Scouting Your Line

Reading Time: 3 minutes

How to navigate a mountain like the pros.

My friend Paul and I first spied the inviting, untracked face from the lift. It would take a bit of hiking but the reward would be first tracks on a beautiful pitch. It looked simple to find: follow an obvious spur ridge until we saw the opening in the trees. Easy.

Twenty minutes later I was hanging off a tree above a cliff while my buddy Paul was contemplating hiking back out. We survived to ride the lift back up and see where we’d gone wrong: we’d turned right one opening too soon.

I’d like to say that I learned my lesson that day and have never lost my way in technical terrain again—but I can’t. What makes my many misadventures even more frustrating is that the pros seem to do it effortlessly. In movies and the Freeride World Tour they ski runs they’ve never been down before, linking critical turns, massive airs and high speeds like it’s the bunny hill. Everything is seamless, spontaneous.

“It may look like luck,” says Gavin Phillipson, a coach with the Whistler Freeride Club. “But the pros don’t go for it haphazardly. They do their homework.”

When I was lucky enough to ski with Phillipson and Marcus Goguen, one of his top junior athletes, last winter, I paid attention. Here’s what I learned.


Think of it like a puzzle

Once you’ve chosen a line, start deconstructing it from both the bottom up and top down. Look for markers and piece them together from point to point, feature to feature, zone to zone. For instance, start at the pointy rock, drop the wind-lip and turn right under the cliff, left of the lonely stump and straight through the couloir.

Use distinct landmarks

Sun shadows will move, so stick to rocks, trees, wind features and other things that don’t. The more distinct and prominent, the better. Try to picture what they might look like from above.

Stay in the skier’s perspective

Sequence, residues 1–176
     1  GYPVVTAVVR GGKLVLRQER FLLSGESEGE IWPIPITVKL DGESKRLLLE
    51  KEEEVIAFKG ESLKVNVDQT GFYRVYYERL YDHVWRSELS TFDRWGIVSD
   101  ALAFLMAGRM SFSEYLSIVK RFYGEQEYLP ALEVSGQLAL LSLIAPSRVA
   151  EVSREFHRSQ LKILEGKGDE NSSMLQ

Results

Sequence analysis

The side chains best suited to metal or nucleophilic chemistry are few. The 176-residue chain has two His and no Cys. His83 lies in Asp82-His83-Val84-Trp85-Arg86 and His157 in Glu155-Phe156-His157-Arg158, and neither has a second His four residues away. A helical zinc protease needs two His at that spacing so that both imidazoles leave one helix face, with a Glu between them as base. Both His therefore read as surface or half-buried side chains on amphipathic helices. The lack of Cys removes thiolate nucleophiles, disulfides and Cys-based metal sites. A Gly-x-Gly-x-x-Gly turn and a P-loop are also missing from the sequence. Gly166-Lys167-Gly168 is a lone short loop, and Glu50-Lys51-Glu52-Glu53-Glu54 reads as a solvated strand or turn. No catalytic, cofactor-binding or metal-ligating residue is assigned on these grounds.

Looking up at a line, rights and lefts are from the looker’s perspective. Remind yourself that coming down it will be opposite. Keep it straight in your mind by only describing the route with your descent in mind.

Make a plan B

What happens if you miss a turn or a feature is not what you thought it was? Think about your options before you drop in, so you won’t be flying blind.

Take a photo

A quick snap from the bottom is invaluable at the top. It serves as a reminder of the line and will help orient you to the start.

Progression makes perfect

Judging speed and distance from across the valley takes practice. Start by scouting a line that includes only one critical move. Once you’ve nailed it, move on to linking two features. And build from there.


Get a friend to direct you from below. Phillipson often positions himself in line with the run-out. With a walkie-talkie he can talk Goguen into the line and act as a visible target to aim for.

Just do it

Before dropping in, visualize the route, linking the navigation points one after another. Review your photo. Now take a deep breath and press play. “You’ll be hootin’ and hollerin’ at the bottom,” says Phillipson.  

from Winter 2022 issue

Ryan Stuart
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